“By bringing Hope Heart research laboratories into BRI, we will be able to expand opportunities in cardiovascular research through utilization of our core laboratories and synergies with our existing genetics, immunology, clinical research, and diabetes research programs. Advances in scientific knowledge and technology now bridge these disciplines,” said Dr. Nepom.
The Hope’s founder, Lester Sauvage, MD sees tremendous promise in joining forces, “The research of today will be better tomorrow as a result of this agreement. The combined resources of Hope Heart’s cardiovascular research program and BRI’s diabetes program will advance the prevention and treatment of heart disease worldwide.”
The integration of THHI’s program into BRI’s, will create a critical mass of research scientists and provide access and opportunities for exchange and collaboration among colleagues. The THHI research staff of scientists and technicians joining BRI have noted expertise in heart disease, including such specialties as vascular biology and angiogenesis and vascular and matrix biology.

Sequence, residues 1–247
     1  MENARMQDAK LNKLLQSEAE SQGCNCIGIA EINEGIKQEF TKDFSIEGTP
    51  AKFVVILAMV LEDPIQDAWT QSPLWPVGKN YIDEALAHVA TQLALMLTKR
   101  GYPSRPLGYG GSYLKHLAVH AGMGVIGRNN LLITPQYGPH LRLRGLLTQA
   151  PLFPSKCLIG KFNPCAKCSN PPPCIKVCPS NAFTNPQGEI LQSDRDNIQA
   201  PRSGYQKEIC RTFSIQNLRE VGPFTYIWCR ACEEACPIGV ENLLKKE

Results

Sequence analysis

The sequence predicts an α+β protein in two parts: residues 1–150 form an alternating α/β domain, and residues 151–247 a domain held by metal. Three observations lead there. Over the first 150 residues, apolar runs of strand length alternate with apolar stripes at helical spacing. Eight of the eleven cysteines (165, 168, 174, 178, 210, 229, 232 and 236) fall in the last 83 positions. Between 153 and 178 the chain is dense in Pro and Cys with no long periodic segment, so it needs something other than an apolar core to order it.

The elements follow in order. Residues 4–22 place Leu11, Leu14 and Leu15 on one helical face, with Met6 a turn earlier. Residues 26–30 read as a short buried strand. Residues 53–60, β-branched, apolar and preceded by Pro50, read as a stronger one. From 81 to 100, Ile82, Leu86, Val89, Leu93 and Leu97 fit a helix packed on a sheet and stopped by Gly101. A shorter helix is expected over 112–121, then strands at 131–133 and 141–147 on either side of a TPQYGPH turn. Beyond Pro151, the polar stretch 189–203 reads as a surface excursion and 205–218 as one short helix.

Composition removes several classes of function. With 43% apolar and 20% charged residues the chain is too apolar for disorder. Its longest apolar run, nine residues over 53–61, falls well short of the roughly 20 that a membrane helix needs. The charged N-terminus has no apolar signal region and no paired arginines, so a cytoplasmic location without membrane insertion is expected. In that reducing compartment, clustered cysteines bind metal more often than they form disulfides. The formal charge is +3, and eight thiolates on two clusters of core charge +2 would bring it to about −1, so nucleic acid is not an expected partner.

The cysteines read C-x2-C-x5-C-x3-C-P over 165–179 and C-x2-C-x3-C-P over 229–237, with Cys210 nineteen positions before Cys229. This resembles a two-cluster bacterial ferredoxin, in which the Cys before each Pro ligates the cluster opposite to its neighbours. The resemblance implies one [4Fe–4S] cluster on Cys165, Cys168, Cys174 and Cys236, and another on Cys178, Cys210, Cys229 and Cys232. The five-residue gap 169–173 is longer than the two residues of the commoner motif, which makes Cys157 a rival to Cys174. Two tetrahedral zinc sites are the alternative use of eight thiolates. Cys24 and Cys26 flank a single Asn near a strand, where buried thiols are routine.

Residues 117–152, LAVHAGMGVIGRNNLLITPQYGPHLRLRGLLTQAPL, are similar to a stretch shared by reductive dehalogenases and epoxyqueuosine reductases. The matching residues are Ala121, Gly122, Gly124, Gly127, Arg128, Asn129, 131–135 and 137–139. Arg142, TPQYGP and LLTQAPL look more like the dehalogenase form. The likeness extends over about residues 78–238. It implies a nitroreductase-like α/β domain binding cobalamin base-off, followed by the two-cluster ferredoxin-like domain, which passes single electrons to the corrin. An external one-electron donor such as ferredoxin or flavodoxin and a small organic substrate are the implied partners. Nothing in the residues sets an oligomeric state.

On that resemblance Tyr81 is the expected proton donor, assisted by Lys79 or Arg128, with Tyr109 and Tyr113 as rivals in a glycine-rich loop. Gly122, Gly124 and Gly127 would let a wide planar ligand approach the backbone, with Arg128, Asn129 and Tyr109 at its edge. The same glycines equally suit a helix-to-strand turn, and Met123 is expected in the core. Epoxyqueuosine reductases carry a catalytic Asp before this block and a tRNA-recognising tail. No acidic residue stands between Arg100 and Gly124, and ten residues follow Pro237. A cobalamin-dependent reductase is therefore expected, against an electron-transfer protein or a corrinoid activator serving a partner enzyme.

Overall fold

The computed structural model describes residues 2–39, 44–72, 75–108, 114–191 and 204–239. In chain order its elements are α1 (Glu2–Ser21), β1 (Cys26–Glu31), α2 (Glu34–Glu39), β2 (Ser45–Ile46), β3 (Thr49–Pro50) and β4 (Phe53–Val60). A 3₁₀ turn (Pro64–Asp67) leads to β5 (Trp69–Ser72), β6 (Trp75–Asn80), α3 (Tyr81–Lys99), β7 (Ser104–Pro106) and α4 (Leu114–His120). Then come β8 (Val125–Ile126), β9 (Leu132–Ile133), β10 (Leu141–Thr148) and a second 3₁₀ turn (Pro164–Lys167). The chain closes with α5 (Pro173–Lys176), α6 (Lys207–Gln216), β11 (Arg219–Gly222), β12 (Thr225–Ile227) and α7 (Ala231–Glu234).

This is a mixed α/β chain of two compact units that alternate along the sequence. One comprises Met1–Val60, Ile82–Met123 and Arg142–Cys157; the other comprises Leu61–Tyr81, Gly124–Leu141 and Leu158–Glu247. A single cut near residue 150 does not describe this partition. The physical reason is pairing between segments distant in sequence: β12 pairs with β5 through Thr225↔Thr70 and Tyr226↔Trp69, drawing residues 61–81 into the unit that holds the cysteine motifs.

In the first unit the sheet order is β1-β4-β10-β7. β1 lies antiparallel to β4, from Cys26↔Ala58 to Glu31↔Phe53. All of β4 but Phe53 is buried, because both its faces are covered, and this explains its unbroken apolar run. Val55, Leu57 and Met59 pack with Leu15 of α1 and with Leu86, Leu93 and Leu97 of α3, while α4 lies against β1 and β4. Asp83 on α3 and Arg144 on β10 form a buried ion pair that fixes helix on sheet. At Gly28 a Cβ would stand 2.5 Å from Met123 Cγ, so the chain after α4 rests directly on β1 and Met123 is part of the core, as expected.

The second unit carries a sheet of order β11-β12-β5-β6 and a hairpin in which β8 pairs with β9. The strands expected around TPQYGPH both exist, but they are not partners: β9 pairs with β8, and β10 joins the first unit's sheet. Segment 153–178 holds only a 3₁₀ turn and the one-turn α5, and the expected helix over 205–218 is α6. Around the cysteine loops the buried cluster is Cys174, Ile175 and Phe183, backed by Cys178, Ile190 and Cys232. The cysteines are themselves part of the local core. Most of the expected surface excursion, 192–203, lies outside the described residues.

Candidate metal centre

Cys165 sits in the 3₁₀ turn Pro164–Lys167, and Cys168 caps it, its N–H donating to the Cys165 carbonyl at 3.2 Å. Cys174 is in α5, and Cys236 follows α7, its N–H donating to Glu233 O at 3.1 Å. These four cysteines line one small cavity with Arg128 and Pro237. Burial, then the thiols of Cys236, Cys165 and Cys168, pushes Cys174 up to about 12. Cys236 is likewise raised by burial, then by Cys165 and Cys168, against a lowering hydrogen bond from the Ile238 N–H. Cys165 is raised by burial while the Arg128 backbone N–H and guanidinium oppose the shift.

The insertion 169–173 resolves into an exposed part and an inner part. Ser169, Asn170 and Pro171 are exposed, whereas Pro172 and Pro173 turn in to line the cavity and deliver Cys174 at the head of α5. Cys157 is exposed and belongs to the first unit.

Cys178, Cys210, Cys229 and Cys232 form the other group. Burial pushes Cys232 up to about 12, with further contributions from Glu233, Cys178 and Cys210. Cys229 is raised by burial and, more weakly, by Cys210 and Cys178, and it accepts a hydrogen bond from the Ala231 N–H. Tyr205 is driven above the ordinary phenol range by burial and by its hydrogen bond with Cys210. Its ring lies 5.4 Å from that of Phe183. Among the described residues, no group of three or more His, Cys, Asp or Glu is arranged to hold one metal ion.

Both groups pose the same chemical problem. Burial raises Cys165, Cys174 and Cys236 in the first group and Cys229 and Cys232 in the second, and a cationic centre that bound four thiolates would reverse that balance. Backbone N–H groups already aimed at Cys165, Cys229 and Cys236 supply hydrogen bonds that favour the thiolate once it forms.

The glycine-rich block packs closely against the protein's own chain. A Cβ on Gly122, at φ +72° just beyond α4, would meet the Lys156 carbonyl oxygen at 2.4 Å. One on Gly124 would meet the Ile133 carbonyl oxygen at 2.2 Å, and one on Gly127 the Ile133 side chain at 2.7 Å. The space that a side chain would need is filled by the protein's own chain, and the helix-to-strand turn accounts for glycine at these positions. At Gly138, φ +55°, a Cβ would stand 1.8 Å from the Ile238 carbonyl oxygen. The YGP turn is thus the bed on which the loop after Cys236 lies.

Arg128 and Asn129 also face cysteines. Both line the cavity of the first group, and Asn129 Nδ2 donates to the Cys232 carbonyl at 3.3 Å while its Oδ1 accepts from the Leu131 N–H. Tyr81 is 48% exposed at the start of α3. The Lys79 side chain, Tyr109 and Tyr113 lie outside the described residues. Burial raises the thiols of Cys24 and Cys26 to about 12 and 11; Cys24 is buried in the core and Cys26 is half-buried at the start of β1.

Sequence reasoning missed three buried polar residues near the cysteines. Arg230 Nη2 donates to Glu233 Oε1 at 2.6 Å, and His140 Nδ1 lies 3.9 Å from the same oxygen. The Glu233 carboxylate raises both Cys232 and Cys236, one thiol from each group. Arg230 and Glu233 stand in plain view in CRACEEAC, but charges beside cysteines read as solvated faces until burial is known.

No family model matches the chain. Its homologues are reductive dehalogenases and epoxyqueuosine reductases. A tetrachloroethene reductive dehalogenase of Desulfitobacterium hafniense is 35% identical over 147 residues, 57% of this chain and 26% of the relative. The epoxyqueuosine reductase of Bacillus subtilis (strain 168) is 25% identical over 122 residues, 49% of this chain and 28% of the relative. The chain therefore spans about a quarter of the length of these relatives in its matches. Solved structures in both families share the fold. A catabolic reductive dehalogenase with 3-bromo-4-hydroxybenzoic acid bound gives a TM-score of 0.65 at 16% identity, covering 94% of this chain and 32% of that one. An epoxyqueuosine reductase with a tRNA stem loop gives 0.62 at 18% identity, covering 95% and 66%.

Both organizations have a link to a solid foundation in cardiovascular care, including heart surgery. Virginia Mason is an established innovator in cardiovascular care—the first hospital in Seattle to adopt endoscopic vein-harvesting techniques during bypass surgery and to adopt the beating-heart technique during bypass surgery. Virginia Mason cardiovascular specialists also utilize such innovations as electrophysiology, anticoagulation management and cardiovascular risk reduction based on related research.
Dr. Lester R. Sauvage, founder of The Hope Heart Institute, pioneered the coronary artery bypass graft (CABG) surgery used at Virginia Mason and around the world. The world renowned cardiac surgeon performed thousands of life saving surgeries during his more than 40 year medical career. He founded The Hope Heart Institute in 1959 to further breakthroughs in cardiovascular research.